We’ve been researching where to grouse hunt this fall up north and stumbled upon Katahdin Woods and Waters. The largest section is adjacent to and east of Baxter State Park with smaller parcels east of the East Branch Penobscot River. No hunting on the large parcel next to Baxter.
This new recreation area is the controversial land of Roxanne Quimby which is now being managed by her son, Lucas St. Clair, & their Elliotsville Plantation Inc. They would like to create a new National Park and this does not settle well with the locals. Read more about it here. The Maine Sunday Telegram started a series today (with cool video!) about this area that you can read here.
I decided to drive up and check this area out. I took the fuel efficient Honda Civic along with my mountain bike figuring if the roads go to hell I can just jump on my bike. It’s a long drive from Winslow. 160 miles and took 4 hours to get to mile 15.5 of the Katahdin Loop Road. (It would probably be 1/2 hour shorter taking the Swift Brook Road access versus the Sherman Lumber Company Road.)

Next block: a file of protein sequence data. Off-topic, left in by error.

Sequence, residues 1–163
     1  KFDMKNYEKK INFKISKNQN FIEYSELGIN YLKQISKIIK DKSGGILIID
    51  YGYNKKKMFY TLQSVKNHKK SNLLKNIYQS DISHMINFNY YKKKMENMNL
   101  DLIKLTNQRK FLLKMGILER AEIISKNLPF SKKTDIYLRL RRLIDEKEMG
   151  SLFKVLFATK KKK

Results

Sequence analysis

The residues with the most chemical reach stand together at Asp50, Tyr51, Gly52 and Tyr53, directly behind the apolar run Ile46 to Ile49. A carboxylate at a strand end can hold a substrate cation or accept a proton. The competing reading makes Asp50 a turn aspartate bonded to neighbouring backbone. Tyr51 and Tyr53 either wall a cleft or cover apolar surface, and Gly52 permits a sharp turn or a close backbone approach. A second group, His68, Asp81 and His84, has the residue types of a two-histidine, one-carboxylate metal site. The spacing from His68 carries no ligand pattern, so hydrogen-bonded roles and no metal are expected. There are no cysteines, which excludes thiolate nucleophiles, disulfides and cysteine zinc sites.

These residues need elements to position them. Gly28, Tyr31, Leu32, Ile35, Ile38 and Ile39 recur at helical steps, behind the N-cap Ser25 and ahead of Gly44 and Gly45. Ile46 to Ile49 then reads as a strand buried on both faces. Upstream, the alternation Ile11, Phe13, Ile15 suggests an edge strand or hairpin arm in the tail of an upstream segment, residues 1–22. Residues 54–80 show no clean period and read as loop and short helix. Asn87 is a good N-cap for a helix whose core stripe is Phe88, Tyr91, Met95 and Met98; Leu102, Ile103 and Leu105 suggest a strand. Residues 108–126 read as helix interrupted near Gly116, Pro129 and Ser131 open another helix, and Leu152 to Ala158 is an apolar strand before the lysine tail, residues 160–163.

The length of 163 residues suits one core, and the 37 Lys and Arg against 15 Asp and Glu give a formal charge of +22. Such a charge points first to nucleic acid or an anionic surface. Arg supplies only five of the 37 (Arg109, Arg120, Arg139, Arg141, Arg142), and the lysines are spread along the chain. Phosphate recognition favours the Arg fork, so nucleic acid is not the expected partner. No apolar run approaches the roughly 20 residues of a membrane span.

Driving down Seboeis Road past Lunksoos Camp (where recreation managers are based) there are beautiful views of the East Branch Penobscot River. The bridge crossing at Whetstone Falls is beautiful and worthy of a picnic and careful swim at the little beach. I stopped briefly to use the brand new outhouse at Sand Bank Campground. Nice new kiosk with map, fire ring, place to camp, and boat launch to explore adjacent pretty wetland.